It isn’t often that you have a federal policymaker, a higher education institution administrator and an accreditor on stage to talk candidly and openly about the intersection of postsecondary policy and practice. However, this month at the annual Whiteboard Advisors InsideOut Policy Forum, we heard from Amy Jones, a near two-decade policy advisor to the House Committee on Education and Labor; Tim Renick, a trailblazer in implementing and scaling student success efforts at Georgia State University; and Jamienne Studley, the leader of WASC, one of the most progressive accreditation agencies in the country. 

While critics and pundits may be quick to find places of disagreement between these three influencers, it was refreshing to hear that there were three issues on which they agreed: flexibility, innovative approaches to financing and data-driven practices.

Flexibility: not only do students need education providers to be flexible to meet their complex and diverse pathways, but the panel agreed that education providers also need flexibility when implementing policies that drive and promote student success.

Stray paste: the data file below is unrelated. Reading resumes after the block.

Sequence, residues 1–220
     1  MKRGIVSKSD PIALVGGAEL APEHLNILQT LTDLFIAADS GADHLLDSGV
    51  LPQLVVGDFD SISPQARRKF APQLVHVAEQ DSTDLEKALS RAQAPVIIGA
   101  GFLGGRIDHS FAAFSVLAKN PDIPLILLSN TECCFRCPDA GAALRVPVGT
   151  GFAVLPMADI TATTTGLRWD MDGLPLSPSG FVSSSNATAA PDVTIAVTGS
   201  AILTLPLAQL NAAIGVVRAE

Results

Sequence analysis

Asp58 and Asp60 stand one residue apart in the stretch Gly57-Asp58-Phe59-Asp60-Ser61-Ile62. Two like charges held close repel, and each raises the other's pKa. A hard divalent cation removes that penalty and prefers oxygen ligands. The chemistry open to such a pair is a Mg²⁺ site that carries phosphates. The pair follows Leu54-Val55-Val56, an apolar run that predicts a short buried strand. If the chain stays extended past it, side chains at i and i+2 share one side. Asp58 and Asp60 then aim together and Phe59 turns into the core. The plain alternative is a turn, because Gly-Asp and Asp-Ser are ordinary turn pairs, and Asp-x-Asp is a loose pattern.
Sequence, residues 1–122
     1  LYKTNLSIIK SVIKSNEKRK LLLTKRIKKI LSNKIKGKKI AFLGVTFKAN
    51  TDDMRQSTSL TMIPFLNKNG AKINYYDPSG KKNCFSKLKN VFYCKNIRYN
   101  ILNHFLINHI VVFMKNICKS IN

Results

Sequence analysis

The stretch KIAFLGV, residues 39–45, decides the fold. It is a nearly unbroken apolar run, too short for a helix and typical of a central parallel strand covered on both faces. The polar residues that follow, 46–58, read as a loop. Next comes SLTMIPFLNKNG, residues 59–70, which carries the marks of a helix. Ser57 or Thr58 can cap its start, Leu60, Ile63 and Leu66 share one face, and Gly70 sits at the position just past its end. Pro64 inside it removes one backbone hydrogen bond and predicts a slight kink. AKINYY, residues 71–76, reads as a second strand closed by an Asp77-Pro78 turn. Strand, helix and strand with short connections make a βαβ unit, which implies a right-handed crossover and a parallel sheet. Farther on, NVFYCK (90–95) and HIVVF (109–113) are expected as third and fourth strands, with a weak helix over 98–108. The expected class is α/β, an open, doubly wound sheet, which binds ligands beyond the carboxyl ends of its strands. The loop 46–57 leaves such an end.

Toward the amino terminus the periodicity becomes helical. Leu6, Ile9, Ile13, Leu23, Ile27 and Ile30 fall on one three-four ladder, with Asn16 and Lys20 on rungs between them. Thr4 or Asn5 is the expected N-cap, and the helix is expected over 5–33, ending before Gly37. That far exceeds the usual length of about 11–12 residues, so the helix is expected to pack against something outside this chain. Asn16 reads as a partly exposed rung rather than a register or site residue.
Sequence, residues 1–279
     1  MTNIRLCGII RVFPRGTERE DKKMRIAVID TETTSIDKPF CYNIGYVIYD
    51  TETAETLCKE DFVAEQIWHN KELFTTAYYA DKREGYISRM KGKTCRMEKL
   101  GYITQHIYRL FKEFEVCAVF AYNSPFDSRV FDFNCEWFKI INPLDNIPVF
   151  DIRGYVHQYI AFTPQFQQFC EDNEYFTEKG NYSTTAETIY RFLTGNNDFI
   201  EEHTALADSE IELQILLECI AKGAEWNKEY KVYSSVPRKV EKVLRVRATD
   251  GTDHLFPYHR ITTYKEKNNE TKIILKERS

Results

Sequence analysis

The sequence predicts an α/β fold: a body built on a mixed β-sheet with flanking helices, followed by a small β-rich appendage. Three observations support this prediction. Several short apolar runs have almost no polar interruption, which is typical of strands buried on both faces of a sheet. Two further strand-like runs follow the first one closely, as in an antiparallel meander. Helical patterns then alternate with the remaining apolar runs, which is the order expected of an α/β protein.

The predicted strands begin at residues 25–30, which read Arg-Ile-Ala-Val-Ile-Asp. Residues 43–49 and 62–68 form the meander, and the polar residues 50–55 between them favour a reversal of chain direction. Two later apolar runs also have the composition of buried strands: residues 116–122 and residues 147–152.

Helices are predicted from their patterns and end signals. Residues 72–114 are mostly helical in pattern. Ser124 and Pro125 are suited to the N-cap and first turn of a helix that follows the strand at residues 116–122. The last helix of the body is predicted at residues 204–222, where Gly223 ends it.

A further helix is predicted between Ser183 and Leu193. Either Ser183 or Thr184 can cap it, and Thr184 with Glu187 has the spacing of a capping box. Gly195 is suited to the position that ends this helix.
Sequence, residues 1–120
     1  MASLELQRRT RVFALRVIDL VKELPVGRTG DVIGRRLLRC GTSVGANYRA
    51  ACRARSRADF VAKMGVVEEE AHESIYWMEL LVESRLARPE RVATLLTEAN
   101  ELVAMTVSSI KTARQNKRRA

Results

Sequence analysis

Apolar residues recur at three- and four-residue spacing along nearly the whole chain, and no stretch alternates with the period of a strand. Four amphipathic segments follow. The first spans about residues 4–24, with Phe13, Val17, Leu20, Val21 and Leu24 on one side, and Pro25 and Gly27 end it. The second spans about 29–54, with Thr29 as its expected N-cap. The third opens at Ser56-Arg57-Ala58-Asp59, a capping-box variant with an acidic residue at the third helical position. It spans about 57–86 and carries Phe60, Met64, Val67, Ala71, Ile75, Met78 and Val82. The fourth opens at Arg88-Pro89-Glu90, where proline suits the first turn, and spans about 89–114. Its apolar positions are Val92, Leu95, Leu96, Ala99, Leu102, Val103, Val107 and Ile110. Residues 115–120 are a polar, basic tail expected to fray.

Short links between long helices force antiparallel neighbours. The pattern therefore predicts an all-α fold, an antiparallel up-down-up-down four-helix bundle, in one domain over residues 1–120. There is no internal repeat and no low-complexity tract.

Innovative Approaches to Financing: whether simplification of the student aid application process, the integration of new financing tools such as Income Share Agreements or the use of micro-grants by institutions, the panel agreed that student finance has to be dynamic to meet the needs of today’s students.

Data-Driven Practices: while there was no discussion of the controversial student unit record ban, there was agreement that institutions, accreditors and students should have and use data to drive changes that improve student success. 

The reauthorization of the Higher Education Act (HEA) still looms – and may get caught in partisan politics. However, it seems possible that a rewrite of the federal law could move more expeditiously if all stakeholders were as focused on students as the panelists were in this forum.